**3-D Geometry **

**Direction Angle (θ):**

- The direction angle of a line is the angle it makes with a coordinate axis.
- Direction angles (α, β, γ) can be calculated using trigonometric functions:

**Direction Cosines (l, m, n):**

- Direction cosines are the cosines of the angles a line makes with the coordinate axes.
- They are represented as (l, m, n).
- Example: For a line with direction angles (α, β, γ), direction cosines are (cos(α), cos(β), cos(γ)).

**Direction Ratios (a, b, c):**

- Direction ratios (a, b, c) are proportional to direction cosines and represent the ratio of lengths along the axes.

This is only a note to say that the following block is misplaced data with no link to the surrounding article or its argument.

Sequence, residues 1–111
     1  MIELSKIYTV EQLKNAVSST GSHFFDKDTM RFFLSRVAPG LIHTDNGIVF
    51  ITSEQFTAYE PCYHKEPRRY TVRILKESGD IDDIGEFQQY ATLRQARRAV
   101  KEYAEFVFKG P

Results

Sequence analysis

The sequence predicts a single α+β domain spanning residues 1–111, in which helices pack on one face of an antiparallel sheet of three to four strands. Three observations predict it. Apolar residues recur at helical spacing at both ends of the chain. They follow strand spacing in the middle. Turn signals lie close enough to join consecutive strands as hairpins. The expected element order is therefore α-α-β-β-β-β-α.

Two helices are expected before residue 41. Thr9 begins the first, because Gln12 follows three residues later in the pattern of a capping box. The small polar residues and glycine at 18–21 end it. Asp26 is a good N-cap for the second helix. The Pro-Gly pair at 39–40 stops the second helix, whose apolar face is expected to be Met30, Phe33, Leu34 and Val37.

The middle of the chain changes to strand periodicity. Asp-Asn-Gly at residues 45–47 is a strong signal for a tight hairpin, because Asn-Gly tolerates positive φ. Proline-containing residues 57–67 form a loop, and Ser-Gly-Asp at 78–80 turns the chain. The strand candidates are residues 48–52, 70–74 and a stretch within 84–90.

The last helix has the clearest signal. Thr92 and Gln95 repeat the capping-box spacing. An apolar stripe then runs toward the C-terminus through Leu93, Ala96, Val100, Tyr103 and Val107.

- Example:

**Relation between Direction Cosines and Direction Ratios:**

- Direction cosines (l, m, n) are obtained by dividing direction ratios (a, b, c) by the magnitude of the line.
- Example: l = a/|OP|, m = b/|OP|, n = c/|OP|, where OP is the vector representing the line.

**Equation of Line: Line Passing Through a Given Point in a Given Direction:**

- Vector form: r = a + λb, where 'a' is a point on the line, 'b' is the direction vector, and 'λ' is a parameter.
- Cartesian form: (x - x
_{1})/a = (y - y_{1})/b = (z - z_{1})/c.

**Equation of Line: Line Passing Through Two Points:**

- Vector form: r = a + λ(b - a), where 'a' and 'b' are two points on the line, and 'λ' is a parameter.
- Cartesian form can be derived from vector form.

**Angle Between Two Lines (θ):**

To be continue...

**Shortest Distance Between Skew and Parallel Lines:**

To be continue....